Opinion: Ukraine crisis must lead to faster green energy transition for Europe

The EU's decision to move away from Russian gas must spur greater investment in renewables and energy efficiency

While governments seek to manage the huge disruption to energy markets from the Ukraine crisis, they can build increased energy and economic security for the long term by accelerating the global energy transition away from fossil fuels. Reuters photo by Lukas Barth.

This article was published by Thomson Reuters Foundation on March 11, 2022.

by Maria Mendiluce and Eliot Whittington

The Russian invasion of Ukraine is both a humanitarian catastrophe and a systemic shock to the global economy. It has shown, in the starkest terms, the systemic risks caused by our continued dependence on fossil fuels.

The war is causing devastation to people’s lives and creating shockwaves around the world. Global food and energy security will be impacted for months to come. For businesses, the spike in energy prices will further hamper their ability to deliver the products and services we rely on.

Businesses across Europe will take heart from the European Commission’s “REPowerEU” communication, which aims to reduce the EU’s fossil gas imports from Russia by two-thirds by the end of this year. This, along with recent calls from MEPs to increase clean energy targets, gives the private sector more confidence that the EU will press forward with its “Fit for 55” package with greater urgency, accelerating the roll out of renewables and increasing energy efficiency.

While governments seek to manage the huge disruption to energy markets from the Ukraine crisis, they can build increased energy and economic security for the long term by accelerating the global energy transition away from fossil fuels: this is the right moral, strategic and sustainable decision.

While navigating the short-term challenges, the EU’s decision to move away from Russian gas must not lead to costly investments that lock in dependence on other sources of gas or increase the share of coal. Emergency measures will need to support people to cope with massive price shocks, but it’s critical that any steps taken to maintain energy supply are made with long-term energy security in mind.

This means diversification of energy sources and investment in grid infrastructure and storage, alongside electrification and technologies like carbon capture and storage.

Business supports a rapid energy transition. In an open letter to the G20 leaders, around 800 companies called on governments to commit to public procurement of renewables to help stimulate corporate procurement. With clear policy direction, business can help deliver the transition to renewables – the most efficient, scalable solution to both the energy and climate crises.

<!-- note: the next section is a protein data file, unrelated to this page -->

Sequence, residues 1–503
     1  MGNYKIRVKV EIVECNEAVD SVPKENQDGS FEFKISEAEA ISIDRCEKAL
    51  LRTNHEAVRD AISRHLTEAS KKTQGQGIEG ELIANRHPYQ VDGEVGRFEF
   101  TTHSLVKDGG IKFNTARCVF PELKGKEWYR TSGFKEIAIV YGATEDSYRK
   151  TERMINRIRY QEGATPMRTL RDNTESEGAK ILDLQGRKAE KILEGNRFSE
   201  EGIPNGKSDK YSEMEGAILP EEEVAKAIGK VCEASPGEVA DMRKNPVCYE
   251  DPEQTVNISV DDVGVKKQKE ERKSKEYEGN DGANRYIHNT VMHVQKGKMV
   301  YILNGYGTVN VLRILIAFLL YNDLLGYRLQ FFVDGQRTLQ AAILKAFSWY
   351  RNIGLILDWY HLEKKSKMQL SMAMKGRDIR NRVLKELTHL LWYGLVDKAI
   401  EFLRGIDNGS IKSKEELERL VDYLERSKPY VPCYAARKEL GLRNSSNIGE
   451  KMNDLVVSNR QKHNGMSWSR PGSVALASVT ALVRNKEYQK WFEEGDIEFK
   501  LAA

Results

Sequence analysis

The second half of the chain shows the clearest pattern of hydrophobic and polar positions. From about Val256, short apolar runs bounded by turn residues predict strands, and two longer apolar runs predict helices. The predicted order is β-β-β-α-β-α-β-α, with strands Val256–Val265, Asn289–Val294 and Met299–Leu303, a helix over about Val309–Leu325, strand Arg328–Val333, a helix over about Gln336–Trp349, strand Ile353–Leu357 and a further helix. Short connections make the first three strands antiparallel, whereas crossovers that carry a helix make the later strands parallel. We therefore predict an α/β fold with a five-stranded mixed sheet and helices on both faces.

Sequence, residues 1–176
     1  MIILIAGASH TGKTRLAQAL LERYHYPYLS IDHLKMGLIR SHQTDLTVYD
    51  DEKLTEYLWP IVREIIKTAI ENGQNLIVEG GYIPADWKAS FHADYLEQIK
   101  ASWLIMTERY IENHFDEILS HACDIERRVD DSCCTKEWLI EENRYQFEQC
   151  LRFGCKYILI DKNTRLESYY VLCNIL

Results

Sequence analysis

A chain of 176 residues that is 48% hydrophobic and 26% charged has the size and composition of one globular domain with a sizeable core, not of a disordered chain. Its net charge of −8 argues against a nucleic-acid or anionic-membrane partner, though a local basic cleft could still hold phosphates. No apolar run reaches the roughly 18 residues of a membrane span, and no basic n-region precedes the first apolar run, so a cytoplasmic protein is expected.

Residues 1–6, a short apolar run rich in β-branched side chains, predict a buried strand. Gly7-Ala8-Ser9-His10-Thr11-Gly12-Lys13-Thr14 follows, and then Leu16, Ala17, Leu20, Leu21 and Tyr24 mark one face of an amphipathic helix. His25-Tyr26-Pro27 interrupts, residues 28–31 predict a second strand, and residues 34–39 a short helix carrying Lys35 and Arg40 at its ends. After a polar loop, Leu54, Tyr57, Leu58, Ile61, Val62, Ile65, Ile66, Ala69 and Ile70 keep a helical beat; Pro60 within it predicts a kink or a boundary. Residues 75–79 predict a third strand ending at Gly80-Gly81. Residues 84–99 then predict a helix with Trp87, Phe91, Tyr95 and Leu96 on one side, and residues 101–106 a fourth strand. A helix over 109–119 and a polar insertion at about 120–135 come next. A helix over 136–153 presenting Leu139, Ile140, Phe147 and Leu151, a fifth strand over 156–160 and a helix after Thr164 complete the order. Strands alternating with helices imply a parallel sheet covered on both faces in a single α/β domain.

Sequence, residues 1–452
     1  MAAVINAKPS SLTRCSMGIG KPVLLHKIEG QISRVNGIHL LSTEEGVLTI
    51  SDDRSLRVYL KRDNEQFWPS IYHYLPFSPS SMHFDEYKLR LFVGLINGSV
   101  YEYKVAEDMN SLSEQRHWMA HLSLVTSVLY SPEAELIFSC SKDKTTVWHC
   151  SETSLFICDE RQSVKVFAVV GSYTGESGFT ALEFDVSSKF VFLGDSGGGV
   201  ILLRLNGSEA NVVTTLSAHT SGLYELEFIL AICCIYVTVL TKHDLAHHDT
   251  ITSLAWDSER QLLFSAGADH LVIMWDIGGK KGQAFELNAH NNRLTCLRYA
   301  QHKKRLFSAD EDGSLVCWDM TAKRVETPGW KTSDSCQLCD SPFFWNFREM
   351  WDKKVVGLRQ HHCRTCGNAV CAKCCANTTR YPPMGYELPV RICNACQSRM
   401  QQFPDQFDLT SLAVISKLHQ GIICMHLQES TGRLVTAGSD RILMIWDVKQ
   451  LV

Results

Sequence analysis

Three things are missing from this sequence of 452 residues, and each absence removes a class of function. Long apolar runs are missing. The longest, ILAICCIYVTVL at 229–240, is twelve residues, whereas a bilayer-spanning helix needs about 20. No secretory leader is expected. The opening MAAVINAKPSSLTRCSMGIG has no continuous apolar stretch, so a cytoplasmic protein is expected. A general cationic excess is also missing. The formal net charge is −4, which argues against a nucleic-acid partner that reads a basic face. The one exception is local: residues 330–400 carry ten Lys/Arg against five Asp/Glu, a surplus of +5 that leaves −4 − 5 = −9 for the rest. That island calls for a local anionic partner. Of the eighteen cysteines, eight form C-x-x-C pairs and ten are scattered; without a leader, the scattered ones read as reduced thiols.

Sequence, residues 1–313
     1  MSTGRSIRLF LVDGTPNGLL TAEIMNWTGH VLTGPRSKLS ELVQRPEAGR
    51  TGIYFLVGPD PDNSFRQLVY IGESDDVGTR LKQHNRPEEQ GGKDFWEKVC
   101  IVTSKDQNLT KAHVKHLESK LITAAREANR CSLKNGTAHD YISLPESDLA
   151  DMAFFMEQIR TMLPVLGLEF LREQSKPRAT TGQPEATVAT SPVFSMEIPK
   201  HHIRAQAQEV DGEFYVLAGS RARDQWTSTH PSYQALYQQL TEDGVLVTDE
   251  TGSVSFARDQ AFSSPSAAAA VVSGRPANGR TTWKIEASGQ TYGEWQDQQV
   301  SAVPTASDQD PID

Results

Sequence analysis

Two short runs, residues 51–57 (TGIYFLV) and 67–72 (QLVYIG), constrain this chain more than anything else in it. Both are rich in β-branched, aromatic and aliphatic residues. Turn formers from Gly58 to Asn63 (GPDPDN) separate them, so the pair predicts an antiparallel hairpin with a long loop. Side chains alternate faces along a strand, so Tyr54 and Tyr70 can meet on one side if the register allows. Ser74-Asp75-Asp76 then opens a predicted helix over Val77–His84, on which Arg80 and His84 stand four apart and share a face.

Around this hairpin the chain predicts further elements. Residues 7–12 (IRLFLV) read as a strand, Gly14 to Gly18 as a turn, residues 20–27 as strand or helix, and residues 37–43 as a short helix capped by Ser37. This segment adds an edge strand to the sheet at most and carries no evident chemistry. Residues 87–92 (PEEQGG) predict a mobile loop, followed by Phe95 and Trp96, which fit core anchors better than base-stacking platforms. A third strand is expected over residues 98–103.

New renewable energy sources are already reducing gas demand in Europe. The cost of renewables is at an all-time low, which helped persuade over 350 major companies globally through RE100 to switch to 100% renewable power: sourcing nearly 45 per cent of their electricity needs from renewable sources in 2021.

To make it easier for companies to transition to renewable power, the EU should focus on delivering grid infrastructure for renewables and electric transport while supporting business to rapidly roll out better home insulation and increase heat pump innovation, all of which will be hugely beneficial to citizens.

Increasing energy efficiency to support heating and building renovation is a critical short-term measure to help reduce the amount of energy that Europe needs and to cut household costs.

We encourage the European Commission and member states to strengthen and clarify how they will increase energy efficiency in the REPowerEU plan that has been promised by summer.

Since European buildings use around 40% of the total energy consumed by the bloc, accelerating energy efficiency improvements in buildings and industry, and speeding up the replacement of gas boilers with heat pumps, would significantly reduce demand for gas imports.

Electrifying transportation is also key to transitioning away from Russian oil, as well as providing benefits – like cleaner air – to communities, businesses and economies. It is also the right time to support wider adoption of electric vehicles, since they are already approaching price parity with the internal combustion engine and will be cheaper to produce than conventional vehicles by 2027.


Business needs the EU to adopt an ambitious Fit For 55 package as quickly as possible this year. EU politicians should respond to this crisis with unprecedented resolve, commitment and solidarity, delivering a clear vision of a Europe committed to ending its dependency on fossil fuels quickly, fairly and effectively

We are saddened by the devastating impact of this invasion on the Ukranian people and made hopeful by the solidarity of European people and the renewed unity around the core of our European values.

We now understand clearly the inherent fragility of a global economic model that relies upon a few countries producing fossil fuels to meet our energy needs. This is a historic moment for Europe when we can usher in a new international energy security strategy that builds on the strengths of reliable renewable energy, improved energy efficiency and buildings renovation.

Business and governments agree that energy self-sufficiency and security bring political independence and stability. We know that this is what people and businesses need to thrive.


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